With more than one million views, 2017 was a record-setting year for the ELGL website.
You are the reason for our success. You make our content unique. You provide firsthand insight into working in local government. You are why ELGL was tabbed by State Tech magazine as one of the 30 Must-Read State and Local IT Blogs. You make ELGL the Player’s Tribune for local government minus Derek Jeter, deep-pocketed funders, and full-time staff.
With that said, we’re counting down the top ten most viewed articles of 2017.
“We want our own Facebook page.” As a social media manager, this is one of the top comments I regularly receive from departments, commissions and elected officials. While anyone who has ran a successful page (and understands the blood, sweat and tears that go into monitoring, responding and planning content) will understand, your first reaction will often be something like this.
Just “checking the box” and having social media accounts doesn’t increase your visibility if you don’t have a sound plan to grow your following and build engagement with your community. Here are the factors we consider before rolling out new accounts.
By David Clyne, City of Independence, OR City Manager
Shortly before my arrival, the police department had experienced the shock of having lost one of its own in the line of duty. Needless to say, in such a small department (under 15 sworn personnel), not a person was untouched by the tragedy. It was a department in desperate need of professional intervention. Unfortunately, the Chief may have needed help the most but refused to seek it nor provide it for others.
The Chief disengaged from normal operations and undertook very destructive personal behavior. In the vacuum created, the two sergeants became the de factor leaders of the department. With very different management styles, the department ultimately fractured into followers of each.
By Alyssa Wolverton, LinkedIn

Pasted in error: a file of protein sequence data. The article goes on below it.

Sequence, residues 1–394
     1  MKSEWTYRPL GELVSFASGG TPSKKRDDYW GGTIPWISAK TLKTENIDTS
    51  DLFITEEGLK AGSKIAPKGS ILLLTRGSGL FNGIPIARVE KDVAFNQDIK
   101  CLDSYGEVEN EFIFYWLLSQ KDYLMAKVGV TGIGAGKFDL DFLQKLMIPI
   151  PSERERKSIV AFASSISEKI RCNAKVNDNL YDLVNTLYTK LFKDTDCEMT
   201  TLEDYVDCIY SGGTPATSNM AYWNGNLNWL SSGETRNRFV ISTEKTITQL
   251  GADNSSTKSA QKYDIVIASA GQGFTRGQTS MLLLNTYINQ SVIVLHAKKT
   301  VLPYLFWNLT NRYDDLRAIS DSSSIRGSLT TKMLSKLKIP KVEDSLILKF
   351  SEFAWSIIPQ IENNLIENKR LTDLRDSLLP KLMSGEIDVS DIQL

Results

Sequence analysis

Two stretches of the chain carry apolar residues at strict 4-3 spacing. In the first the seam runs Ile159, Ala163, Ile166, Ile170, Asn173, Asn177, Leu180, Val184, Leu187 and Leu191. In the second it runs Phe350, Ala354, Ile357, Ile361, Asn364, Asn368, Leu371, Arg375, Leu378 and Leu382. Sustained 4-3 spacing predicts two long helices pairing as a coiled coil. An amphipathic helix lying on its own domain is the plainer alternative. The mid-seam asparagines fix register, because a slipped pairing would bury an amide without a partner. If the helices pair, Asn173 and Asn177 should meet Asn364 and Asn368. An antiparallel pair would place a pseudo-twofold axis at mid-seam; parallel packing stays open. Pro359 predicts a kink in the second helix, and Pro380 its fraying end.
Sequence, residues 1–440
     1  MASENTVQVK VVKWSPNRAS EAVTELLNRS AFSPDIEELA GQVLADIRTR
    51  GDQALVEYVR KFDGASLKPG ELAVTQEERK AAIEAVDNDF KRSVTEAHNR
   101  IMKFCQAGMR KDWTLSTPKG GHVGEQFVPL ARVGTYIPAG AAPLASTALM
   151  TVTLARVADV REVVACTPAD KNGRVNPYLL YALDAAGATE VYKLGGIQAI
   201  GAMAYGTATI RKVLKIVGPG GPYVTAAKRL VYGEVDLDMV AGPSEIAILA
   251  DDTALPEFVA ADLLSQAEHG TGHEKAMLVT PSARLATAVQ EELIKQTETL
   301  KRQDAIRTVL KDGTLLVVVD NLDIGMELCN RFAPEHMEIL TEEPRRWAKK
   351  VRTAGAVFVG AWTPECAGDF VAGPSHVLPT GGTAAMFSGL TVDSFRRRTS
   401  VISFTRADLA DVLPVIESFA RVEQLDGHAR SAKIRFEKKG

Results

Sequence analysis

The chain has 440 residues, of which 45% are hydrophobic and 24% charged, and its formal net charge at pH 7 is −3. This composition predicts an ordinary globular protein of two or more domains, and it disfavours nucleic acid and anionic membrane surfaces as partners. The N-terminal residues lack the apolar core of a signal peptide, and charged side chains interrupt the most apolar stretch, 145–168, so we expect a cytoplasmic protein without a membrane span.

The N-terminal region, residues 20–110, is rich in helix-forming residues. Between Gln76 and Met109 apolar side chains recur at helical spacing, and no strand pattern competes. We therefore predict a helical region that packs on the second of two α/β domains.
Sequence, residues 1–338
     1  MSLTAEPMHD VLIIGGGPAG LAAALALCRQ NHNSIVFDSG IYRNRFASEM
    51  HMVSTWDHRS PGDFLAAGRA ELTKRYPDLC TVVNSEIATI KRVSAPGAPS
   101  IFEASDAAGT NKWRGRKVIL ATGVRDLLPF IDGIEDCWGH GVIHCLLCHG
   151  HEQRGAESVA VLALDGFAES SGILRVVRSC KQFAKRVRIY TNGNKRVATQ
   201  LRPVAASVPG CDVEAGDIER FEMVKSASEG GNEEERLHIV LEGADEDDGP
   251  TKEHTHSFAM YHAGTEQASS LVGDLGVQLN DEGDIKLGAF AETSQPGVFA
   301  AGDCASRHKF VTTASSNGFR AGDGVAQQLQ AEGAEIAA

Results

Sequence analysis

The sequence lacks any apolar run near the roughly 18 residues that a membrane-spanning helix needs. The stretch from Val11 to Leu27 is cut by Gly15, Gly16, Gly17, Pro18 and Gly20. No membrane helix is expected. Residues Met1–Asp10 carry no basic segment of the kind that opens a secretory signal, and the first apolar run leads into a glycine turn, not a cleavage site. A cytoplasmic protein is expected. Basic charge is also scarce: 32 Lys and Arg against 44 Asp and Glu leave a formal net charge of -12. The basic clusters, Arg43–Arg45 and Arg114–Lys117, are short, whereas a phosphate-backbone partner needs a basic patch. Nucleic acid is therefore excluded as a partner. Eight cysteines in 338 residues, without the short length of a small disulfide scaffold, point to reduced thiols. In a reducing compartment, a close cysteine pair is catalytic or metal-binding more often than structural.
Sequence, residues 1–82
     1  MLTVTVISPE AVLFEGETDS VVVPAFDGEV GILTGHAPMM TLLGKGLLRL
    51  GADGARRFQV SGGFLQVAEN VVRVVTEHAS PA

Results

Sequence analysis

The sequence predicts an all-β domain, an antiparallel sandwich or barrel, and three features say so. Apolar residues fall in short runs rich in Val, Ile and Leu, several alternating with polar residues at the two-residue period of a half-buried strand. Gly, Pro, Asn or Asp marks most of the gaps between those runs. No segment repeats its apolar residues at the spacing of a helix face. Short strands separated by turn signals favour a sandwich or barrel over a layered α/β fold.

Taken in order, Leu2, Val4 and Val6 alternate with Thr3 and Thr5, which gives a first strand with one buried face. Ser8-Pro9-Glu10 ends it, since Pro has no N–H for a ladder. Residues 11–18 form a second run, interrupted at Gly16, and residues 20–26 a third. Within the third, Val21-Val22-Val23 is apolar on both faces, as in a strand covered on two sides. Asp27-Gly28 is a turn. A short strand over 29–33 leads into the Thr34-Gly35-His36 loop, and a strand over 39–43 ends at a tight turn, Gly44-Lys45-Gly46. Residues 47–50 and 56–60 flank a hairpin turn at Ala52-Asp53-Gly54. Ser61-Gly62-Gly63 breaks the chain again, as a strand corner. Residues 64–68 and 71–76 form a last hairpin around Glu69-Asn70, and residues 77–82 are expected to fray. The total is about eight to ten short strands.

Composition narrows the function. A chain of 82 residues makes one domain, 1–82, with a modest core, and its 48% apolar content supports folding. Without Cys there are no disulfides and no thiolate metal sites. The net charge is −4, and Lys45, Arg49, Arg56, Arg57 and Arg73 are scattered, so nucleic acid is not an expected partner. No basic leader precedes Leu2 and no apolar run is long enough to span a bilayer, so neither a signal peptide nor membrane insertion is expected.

I don’t know if I am allowed to honestly answer the question “is local government inviting to young professionals?” It would help my odds at getting a job in local government if I wrote about the great times I had working in government and how local government can attract millennials. I mean, what do I have to gain from telling people about my real experience? The story where my boss cried to me because she told me I was too optimistic, or I’d be so bored at my desk sometimes I would cry? Is it worth explaining how it felt like my work didn’t matter or how didn’t get honest feedback?
Good news! I am a Texan with a bit of experience and a lot of candor. I don’t have any preoccupation with telling you that local government is not inviting to young professionals. However, like any good public administrator, I will offer a solution to the problem, and I will argue it is vital for young people to choose to work in government. (Also, I don’t represent the opinion of an entire population or generation or region, so keep that in mind.)
As I’ve racked my brain trying to understand why local government didn’t leave me with pride for serving the public, I realized it was about expectations. I have certain expectations for a work force, and the work force has a certain expectation with me, and I don’t think they lined up.
What I wanted was similar to what anyone wants: decent pay, good location, and the chance to learn. I wanted the best out of my experiences. I wanted to be challenged and changed. I wanted to be exposed to what I like and don’t like. I wanted to meet people who would encourage me and become professional colleagues, friends, and mentors. Most importantly, I wanted to find a place where I can shine and use my talents.
By Amber Mathiesen, City of Mt. Angel, Oregon City Manager
Gone are the days where the Clerk simply took notes, filed papers in a drawer, and reminded people of important dates while scheduling meetings and making coffee.
While the Municipal Clerk is the oldest of public servants in local government along with the tax collector and the position is rich in history, it serves an even more complex role today. The Clerk’s office is critical to a community, and is a hub of activity.
Depending on the size of the community the Clerk serves in multiple roles. Generally the Clerk’s office is responsible for the compilation of the agenda, legal notices, public records request processes, and local elections. Clerks are also responsible for recording and circulating all city council actions, resolutions, ordinances, and minutes.
In larger agencies the Clerk’s office may be a department with its own staff, or part of a larger department. In smaller communities the Clerk may also serve as the Manager, alas without the title that is really deserved for the job at hand.
By Lori Sassoon, Deputy City Manager, City of Rancho Cucamonga, CA
The #1 reason women don’t get the job is because they didn’t apply for it.
Books like Lean In and others have cited the studies showing that qualified women are less likely to apply for a given position, while less qualified men will apply. A 2014 study published in Harvard Business Review showed that the reason is not lack of confidence on the part of women; instead, women take “minimum qualifications” literally, and assume they couldn’t compete if they are missing something on that list. Hiring processes tend to be more flexible in reality, and so women are self-selecting out of hiring processes unnecessarily.